Slip Front Bodice

Next up – the flounce.

I cut the fabric as directed and stitched a narrow hem along the bottom.  Next I cut off about 3 inches of the bottom and applied insertion lace between the two pieces.  For the pleating I actually marked the bottom and top of the strip at regular intervals and folded each pleat over and basted in place.  Then, as suggested by Theresa , I starched, and pressed, and starched some more (Thank you Theresa..  it really benefited from the extra starch).  Once I was sure it would stay where I wanted, I applied insertion lace along the upper pleated portion and then attached the whole thing to the hem of the slip – well la-de-da, it really looks like a slip now.

Slip Hem with Insertion Lace

Slip Hem with Insertion Lace

My pleating isn’t nearly as trim as the pattern illustration, but then again, I’m not nearly as trim as the pattern illustration…

 

 

 

 

 

Description

The Vintage Pattern Lending Library, Ladies Princess Slip #E0336, March 24, 1912

Sizing

Pattern was listed as 36 inch bust.  The measurements seem to be correct, although I adjusted the pattern to suit my shape.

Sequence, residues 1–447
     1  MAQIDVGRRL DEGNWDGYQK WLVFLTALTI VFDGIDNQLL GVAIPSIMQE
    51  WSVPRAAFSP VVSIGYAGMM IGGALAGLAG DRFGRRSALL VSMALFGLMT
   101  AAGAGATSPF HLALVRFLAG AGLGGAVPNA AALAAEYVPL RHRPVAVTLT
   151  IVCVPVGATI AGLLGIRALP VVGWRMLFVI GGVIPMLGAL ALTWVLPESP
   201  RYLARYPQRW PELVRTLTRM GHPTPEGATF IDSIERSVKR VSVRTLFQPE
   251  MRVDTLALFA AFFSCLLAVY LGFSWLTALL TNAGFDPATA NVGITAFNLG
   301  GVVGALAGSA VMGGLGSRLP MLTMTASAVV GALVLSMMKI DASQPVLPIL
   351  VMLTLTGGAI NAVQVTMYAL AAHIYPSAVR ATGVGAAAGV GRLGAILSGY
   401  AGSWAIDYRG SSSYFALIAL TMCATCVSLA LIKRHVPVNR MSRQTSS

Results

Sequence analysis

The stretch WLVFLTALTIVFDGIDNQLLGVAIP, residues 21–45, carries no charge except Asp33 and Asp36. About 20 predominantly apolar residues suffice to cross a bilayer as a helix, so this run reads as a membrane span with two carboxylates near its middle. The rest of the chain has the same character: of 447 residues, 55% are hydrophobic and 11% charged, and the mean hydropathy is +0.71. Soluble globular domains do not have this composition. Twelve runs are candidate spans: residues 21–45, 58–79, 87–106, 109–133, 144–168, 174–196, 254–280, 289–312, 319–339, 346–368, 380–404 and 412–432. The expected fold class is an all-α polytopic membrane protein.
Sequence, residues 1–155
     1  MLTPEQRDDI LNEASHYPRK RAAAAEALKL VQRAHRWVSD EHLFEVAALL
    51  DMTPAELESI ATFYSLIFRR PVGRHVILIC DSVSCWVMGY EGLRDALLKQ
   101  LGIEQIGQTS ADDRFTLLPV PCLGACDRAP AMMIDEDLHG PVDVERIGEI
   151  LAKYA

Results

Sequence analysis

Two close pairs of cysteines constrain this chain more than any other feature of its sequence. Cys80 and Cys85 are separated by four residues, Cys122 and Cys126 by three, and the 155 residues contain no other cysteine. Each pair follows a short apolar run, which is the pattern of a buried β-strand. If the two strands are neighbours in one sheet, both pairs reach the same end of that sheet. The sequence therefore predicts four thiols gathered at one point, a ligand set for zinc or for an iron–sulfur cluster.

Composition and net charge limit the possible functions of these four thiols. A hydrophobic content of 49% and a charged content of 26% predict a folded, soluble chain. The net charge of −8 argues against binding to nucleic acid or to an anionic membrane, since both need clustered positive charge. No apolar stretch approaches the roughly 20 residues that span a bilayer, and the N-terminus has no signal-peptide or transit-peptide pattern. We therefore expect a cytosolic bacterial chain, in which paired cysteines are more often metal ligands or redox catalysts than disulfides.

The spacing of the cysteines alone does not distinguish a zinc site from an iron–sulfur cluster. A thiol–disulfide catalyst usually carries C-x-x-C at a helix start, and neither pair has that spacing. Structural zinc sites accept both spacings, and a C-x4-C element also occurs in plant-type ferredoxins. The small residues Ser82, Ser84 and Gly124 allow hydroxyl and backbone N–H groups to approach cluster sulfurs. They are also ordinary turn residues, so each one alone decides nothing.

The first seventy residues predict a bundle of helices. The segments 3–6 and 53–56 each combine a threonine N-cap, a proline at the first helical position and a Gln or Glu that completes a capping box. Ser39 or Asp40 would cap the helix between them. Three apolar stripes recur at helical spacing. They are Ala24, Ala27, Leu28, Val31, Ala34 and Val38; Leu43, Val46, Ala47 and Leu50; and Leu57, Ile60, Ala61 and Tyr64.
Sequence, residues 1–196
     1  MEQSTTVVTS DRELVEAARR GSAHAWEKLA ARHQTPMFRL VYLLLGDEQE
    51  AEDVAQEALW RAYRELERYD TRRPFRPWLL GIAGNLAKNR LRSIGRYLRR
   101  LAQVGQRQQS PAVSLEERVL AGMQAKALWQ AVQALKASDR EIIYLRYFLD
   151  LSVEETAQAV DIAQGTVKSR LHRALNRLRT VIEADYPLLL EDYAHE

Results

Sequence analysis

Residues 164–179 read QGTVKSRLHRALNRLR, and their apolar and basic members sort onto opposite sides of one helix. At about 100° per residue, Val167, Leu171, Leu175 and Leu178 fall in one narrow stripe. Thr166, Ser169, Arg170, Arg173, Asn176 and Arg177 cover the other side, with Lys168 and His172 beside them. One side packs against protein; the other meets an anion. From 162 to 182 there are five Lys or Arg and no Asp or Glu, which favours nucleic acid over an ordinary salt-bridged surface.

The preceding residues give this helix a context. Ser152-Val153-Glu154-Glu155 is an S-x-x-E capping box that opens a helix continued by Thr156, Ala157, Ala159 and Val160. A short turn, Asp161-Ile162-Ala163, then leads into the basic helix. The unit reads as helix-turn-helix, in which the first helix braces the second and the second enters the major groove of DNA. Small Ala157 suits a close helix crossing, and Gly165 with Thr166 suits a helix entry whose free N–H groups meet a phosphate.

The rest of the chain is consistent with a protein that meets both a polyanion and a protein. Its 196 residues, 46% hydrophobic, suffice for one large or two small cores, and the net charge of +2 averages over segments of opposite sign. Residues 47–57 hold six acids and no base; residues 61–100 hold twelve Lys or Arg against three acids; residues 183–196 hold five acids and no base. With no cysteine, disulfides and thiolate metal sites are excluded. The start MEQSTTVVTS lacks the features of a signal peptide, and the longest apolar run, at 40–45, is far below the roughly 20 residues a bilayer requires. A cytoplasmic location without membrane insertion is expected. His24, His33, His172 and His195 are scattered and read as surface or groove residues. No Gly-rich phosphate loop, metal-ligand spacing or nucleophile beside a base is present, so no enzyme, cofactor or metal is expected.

Did it look like the photo/drawing on pattern envelope?

Yes, in regard to the main body of the slip, the pattern is dead on.  The directions for the flounce called for 3 strips – 9 inches wide by 36 3/4.  I think to get the pictured effect of all the tiny accordion pleats, a bit more fabric could have been used.

Were the instructions easy to follow?

Yes, although I didn’t follow them for applying the insertion lace.  To sew a seam, add insertion, then rip out the seam, and then sew under the raw edges seemed a bit too time consuming.  It may be the most authentic/period correct way to go about it but I used a machine method as described in my previous post.  I would also have liked to see more thorough directions for the back closure.  Not an issue for a more advanced sewer, but it may present a problem with a novice.

What did you particularly like or dislike about the pattern?

On a scale of 1 to 5 – this is a FIVE – I loved it!  I especially loved the fact that with a bit of imagination, it was so easy to modernize.

Fabric Used – White Cotton Lawn

Pattern alterations/design changes I made

I needed to adjust the pattern to accommodate my larger frame, and I added sets of tucks along the upper bust.

In conclusion, this was a fun pattern and I adore the fact that a few in our talented group went with a shorter, wearable dress version.  I would recommend this to a sewer of any skill level.  For the more advanced, it’s a great pattern to perfect some skills and for a novice, a wonderful canvas to learn with.

Next adventure – The Afternoon Tea Wrap, and hopefully, a hat for Kim.

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Filed under E0336_SLIP, The 1912 Project, The Vintage Pattern Lending Library